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World Soccer: Why is Morten Olsen such a good international coach?

He has a good blend. He does his homework, he’s organised, he’s always got a Plan A, B, C and D. He scouts his players really well and he has a set philosophy of how he wants the team to play. He doesn’t necessarily pick the players who look the best on paper but those who fit his system. He has had great success with that. When you have been a national coach for 12 years you have to get on with your players and he does that. We all have great respect for him. He will phone you when you get injured; if your wife gives birth there
is a card from him. He is tough but also caring. What he’s done is incredible.

Thomas Sorensen: What’s the mood like in the dressing room ahead of Euro 2012?

There is a big task ahead in our group. We definitely have two of the best teams in the world against us, and Portugal are not far behind, but it’s a challenge and we feel we can upset one or two teams. Our aim is to get through to the next stage. If everyone is fit and playing well then it’s possible. We don’t have 50 players like England or Spain, who can just drop another man in. We depend
on our best players being there.

How does this team compare to those at previous tournaments?

The way we played in the qualifiers makes this one of the best Denmark sides that I have been involved with.
We played really well. In 2002 and 2004 we had good, experienced sides. At the 2010 World Cup a lot of things didn’t go right for us – too many injuries for a start. It looks a lot brighter now with youngsters like Christian Eriksen coming through.

Can you remember watching Denmark’s 1992 European Championship triumph?

Yes, of course. Anyone in Denmark above the age of five back then remembers that time. It was amazing, but sometimes things work out for the best when they come unexpectedly.
It was a great summer. I was 12 years old, I watched it at home and then celebrated on the streets with what seemed like the whole country.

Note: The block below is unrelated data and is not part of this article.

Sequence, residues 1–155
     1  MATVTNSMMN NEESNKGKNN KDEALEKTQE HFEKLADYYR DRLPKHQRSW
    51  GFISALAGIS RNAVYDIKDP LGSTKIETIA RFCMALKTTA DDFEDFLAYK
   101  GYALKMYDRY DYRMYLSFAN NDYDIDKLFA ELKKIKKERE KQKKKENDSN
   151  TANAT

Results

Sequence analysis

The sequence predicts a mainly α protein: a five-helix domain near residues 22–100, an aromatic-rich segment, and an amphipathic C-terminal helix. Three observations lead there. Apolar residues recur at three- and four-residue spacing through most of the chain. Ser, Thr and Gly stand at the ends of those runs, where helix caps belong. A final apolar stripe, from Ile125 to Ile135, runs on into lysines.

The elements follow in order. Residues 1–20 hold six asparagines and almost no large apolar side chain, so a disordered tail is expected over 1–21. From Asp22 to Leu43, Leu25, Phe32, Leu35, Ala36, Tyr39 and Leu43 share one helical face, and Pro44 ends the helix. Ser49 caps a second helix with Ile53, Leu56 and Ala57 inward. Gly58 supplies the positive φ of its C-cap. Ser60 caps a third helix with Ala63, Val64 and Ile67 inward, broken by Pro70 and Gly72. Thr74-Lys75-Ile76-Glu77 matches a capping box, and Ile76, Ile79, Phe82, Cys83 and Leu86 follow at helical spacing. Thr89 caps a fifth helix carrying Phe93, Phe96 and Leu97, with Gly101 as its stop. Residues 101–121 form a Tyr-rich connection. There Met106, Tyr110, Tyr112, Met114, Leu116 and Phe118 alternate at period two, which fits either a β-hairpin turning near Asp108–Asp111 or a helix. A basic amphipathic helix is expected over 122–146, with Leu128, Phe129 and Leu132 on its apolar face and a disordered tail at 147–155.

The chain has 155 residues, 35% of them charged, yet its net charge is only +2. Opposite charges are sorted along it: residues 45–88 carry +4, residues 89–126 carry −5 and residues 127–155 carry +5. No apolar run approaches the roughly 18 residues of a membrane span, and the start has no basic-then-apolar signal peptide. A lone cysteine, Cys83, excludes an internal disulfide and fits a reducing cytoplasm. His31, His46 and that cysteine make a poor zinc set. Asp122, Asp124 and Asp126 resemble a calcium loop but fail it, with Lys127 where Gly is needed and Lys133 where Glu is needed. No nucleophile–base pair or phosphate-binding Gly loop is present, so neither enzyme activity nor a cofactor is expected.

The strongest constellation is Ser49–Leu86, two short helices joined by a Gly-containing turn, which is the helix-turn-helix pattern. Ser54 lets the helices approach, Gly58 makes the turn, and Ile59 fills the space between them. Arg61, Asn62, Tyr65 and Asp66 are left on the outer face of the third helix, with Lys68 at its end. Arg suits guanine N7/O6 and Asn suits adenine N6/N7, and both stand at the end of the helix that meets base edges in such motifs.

What qualities does Daniel Agger bring as captain of Denmark?

He is composed on the ball, a good defender and leader. He is a winner and that’s what you like in a captain. What he lacks in physical strength he makes up for by being clever in his positional play. He is a good penalty taker as well, and so precise with his passing.

Who are your other key players?

Every team has to score goals and Nicklas Bendtner has been important for us in the qualifiers. We need him on top form. Christian Eriksen may get his big breakthrough. He is top quality, still learning but hopefully he can do very well. There is also William Kvist who has come a long way in the past few years. He played well against Barcelona in the Champions League when at Copenhagen and that gave him the confidence to move to a new level at Stuttgart.

Who are your tournament favourites?

You can’t count out Germany, Spain and Holland but you never know, there can be surprises. Look at Greece in 2004 and us in 1992.

Who were the biggest influences on you as a goalkeeper?

Peter Schmeichel was one, of course. I trained with him for a few years with the national team. He opened the door for a lot of us to come to English football. There was also Lars Hogh at my first club OB Odense. He is now the national team’s goalkeeping coach and played in the 1986 World Cup. He taught me from the age of 16 and I learned so much.

What was it like to win your 100th cap earlier this year?

It was a fantastic thing to achieve and to look back on when you finish your career. Not that many players can say they made 100 appearances for their country.

Interview by Jim Holden

*Unfortunately, an injury picked up in a pre-tournament friendly intertnational against Brazil, meant that Sorensen had to sit out the Euro 2012 finals.

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